The ‘Energy’ Sonata was composed for Elisabeth Adkins and Edward Newman, a renowned violin and piano duo. The idea was to create a work that would draw inspiration from TCU’s theme for the year 2016: Energy. In the first movement, ‘Flow,’ the piano focuses on relentless scalar lines, while the violin plays at times lyrical, and other times forceful passages. The middle movement, Whirl, is entirely made up of original folk-like melodies, and is designed to sound like a modern arrangement of tunes, similar to what Béla Bartók did in the early 20th century in his many folk arrangements. The final movement begins with a prelude, much like a slow chorale; the quiet energy in this introduction prepares us for the ‘Tornado’ of the rest of the piece. Modal lines of canonic counterpoint in the piano are echoed in the violin, and when the complex contrapuntal texture breaks, what emerges is a jazz-like section, followed by quiet, slow repose and then a violin cadenza; finally, a return to the faster material brings the piece to a rousing finale. The ‘Energy’ Sonata explores energy in various forms and implications, a story of natural forces told in music.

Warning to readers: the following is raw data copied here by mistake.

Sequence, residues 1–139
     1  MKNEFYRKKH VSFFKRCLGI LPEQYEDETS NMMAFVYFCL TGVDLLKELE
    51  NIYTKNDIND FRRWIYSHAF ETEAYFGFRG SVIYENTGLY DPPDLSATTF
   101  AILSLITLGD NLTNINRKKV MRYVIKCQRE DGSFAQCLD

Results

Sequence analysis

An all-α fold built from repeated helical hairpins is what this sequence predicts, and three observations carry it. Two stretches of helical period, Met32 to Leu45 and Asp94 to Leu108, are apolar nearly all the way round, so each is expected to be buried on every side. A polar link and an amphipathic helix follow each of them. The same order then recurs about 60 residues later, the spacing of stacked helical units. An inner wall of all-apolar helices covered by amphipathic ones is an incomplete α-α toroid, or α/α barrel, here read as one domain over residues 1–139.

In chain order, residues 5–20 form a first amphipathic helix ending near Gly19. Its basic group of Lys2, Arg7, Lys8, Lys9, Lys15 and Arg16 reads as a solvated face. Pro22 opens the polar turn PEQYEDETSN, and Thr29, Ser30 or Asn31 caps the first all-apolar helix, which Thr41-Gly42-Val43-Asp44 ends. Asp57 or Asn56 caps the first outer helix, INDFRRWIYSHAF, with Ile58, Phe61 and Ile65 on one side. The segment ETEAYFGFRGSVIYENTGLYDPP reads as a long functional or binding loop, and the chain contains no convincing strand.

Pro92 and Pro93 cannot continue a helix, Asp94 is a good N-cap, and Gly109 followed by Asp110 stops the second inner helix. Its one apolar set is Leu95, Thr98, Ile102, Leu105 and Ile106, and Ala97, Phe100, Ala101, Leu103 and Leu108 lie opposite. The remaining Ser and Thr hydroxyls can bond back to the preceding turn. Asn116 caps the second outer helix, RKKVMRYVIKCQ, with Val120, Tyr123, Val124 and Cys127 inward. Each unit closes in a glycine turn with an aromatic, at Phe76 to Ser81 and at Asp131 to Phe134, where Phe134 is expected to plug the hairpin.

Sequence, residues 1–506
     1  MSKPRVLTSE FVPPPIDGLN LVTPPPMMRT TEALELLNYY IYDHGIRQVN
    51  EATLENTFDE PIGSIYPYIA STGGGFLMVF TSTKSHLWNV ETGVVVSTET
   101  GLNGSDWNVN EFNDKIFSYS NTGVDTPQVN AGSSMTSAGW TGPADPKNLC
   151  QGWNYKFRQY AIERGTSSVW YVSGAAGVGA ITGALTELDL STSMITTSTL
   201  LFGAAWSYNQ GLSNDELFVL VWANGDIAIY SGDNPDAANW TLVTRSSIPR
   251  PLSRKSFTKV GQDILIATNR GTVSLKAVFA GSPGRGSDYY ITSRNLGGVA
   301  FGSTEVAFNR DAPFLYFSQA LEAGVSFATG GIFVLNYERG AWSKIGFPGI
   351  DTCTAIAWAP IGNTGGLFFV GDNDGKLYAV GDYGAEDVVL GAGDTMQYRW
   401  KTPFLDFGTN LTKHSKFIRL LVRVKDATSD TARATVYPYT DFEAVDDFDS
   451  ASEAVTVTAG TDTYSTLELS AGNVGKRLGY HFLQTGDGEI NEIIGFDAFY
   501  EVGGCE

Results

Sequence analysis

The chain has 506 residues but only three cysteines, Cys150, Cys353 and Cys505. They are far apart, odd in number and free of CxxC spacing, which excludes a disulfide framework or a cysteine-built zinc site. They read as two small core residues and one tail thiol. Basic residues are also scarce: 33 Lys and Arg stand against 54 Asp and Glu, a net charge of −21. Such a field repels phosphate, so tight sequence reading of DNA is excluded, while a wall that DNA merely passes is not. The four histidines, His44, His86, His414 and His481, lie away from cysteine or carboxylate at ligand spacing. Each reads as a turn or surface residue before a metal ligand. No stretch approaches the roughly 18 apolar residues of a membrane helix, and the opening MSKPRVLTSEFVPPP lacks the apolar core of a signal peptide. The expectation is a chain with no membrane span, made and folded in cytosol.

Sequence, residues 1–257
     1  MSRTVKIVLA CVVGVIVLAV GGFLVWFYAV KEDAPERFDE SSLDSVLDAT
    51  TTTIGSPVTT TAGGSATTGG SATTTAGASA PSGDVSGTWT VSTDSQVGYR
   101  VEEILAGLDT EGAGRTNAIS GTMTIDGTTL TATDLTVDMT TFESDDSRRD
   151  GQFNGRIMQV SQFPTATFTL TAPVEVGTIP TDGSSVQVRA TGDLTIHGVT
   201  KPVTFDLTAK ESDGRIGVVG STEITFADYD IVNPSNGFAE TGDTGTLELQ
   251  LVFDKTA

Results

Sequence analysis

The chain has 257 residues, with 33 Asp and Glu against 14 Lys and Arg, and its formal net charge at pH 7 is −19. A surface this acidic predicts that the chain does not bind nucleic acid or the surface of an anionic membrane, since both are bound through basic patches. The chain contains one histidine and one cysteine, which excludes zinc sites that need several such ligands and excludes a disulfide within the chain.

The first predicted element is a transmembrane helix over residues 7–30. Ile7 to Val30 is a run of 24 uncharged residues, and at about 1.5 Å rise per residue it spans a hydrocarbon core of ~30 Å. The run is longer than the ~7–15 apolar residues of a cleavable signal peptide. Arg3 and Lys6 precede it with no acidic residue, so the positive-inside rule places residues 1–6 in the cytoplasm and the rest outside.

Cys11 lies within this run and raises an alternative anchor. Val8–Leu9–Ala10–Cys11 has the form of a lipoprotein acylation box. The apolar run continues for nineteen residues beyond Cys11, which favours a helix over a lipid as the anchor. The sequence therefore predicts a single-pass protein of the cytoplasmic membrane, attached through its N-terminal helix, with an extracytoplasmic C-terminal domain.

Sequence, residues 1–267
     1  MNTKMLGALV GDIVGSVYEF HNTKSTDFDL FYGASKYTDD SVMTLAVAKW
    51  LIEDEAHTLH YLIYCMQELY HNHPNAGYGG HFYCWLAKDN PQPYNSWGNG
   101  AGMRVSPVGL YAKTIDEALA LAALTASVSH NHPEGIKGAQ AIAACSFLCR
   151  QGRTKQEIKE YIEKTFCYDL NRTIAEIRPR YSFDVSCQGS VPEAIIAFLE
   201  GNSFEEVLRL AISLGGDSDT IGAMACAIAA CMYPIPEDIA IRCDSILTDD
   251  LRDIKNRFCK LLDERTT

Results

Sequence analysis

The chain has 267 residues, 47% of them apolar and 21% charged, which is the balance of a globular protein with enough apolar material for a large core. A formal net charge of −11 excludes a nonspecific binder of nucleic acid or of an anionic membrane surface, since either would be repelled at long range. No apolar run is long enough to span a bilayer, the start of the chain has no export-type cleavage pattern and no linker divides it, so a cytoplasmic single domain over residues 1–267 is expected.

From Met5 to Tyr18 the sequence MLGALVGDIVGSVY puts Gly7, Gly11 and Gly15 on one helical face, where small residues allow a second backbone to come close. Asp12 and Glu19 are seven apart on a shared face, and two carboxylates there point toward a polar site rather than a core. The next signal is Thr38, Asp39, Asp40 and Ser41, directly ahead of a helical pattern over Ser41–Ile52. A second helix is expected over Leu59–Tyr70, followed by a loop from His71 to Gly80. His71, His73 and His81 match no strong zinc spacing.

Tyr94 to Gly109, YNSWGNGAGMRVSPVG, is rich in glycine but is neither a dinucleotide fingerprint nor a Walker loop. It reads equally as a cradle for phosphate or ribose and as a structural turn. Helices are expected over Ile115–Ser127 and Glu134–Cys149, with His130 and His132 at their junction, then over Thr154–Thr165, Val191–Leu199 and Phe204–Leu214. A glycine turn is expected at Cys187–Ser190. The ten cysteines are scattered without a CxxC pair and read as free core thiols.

Composed for Trio 8831, ‘Open Road’ is a three-movement work for trumpet, trombone, and piano that is a musical imagining of driving in a fast car through Europe. The first movement, ‘Shift,’ is about a drive through winding roads in rugged hills and mountains. Movement two, ‘Touring,’ regards blurred images through the window of the quickly-moving vehicle. In the final movement, ‘Velocity,’ jazz influence plays strongly into this rendition of a fast drive in a powerful car.
force of nature